At one point Janet was told she would be entitled to a full pension – under the 30 work-year ruling with a combination of home-responsibilities protection (hrp), her own contributions and with several years of entitlement to part of her ex-husband’s pension. But now she doesn’t know where she stands, with just the hrp and her own piece-meal contributions. Because most of her work was part-time, she often didn’t earn enough to pay national insurance and during her self-employment phase, she was exempt from payments on account of her low income. She doesn’t think she has enough contributions to cover her for the 35 work-years she now needs.  Although in theory she still has time to make this up, in practice, she feels there is little chance, because she is constantly turned down for work for being over-qualified and there are even less full-time jobs available now.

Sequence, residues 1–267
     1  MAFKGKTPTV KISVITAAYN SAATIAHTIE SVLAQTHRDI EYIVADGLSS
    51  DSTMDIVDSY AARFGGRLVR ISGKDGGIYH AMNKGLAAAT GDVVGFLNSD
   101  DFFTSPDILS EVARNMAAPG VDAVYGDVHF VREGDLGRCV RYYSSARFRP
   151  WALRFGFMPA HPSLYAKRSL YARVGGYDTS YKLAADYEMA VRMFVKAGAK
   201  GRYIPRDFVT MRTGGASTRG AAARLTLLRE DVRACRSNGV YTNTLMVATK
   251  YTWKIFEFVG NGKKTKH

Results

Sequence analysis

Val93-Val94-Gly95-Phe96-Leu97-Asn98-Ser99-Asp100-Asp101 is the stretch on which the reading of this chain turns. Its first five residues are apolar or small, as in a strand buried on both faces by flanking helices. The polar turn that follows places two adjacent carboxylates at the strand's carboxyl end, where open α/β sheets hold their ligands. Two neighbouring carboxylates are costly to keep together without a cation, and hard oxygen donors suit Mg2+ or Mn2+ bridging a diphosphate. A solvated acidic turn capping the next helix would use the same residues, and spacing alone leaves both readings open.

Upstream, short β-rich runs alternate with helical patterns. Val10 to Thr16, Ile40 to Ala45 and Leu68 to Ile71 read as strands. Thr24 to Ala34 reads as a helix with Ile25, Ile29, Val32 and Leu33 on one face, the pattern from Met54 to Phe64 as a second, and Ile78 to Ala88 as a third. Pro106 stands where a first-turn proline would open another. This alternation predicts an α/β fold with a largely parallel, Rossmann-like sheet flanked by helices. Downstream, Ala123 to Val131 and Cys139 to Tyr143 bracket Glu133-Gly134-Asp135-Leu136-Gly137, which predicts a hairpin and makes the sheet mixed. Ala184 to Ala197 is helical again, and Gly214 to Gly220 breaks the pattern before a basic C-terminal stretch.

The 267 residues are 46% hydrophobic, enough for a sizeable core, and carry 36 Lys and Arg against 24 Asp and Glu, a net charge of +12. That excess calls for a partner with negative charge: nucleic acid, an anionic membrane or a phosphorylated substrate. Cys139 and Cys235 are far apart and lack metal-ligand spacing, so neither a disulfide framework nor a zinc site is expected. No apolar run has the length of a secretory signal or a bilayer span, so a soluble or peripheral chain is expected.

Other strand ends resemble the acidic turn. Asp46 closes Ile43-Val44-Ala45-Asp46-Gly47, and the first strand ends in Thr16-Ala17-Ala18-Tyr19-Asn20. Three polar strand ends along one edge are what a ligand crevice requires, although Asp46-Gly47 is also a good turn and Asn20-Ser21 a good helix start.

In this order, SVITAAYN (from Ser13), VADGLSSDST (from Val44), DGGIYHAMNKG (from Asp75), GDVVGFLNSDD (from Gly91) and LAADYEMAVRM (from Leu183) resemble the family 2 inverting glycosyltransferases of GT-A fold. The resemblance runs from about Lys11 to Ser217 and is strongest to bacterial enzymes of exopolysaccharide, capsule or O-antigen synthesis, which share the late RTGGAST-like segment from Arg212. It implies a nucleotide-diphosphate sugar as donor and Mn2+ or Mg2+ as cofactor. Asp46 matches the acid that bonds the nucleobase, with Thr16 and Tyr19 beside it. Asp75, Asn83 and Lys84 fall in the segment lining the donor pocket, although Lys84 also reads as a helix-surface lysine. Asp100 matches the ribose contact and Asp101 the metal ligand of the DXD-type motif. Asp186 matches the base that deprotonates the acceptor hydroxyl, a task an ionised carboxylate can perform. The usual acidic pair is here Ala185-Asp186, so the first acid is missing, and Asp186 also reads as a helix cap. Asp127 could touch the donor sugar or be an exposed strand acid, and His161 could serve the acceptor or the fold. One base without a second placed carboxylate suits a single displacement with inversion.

Middle-Age Problems for Both Genders

There are also other problems that people of either gender can come up against in middle age:

–        having to give up work to care for elderly parents – or even a partner

–        health problems – perhaps from living in poverty

–        the benefit trap for those living alone (whether single, divorced, widowed) that makes part-time work unviable – especially if there are travel costs involved.

 

The Baby-Boomer Generation

The baby-boomer generation, born after the Second World War, is a phenomenon recognised in many countries, through Europe and the USA. In Britain, it began a decade later due to the continuance of rationing and really dates from about 1955 (exactly the birth-year of the first women expected to work until the age of 65) and lasted until the mid 1960s.

This has always been known. So why does the government act as though it’s something they have just discovered?

In actual fact, Britain was on course to weather the pensions time-bomb much better than the rest of Europe, because there was a reserve of money that had been built up from contributions to cover at least most of it. That was until Gordon Brown decided that there was too much money lying there and raided it to pay for other things. That is where this problem started.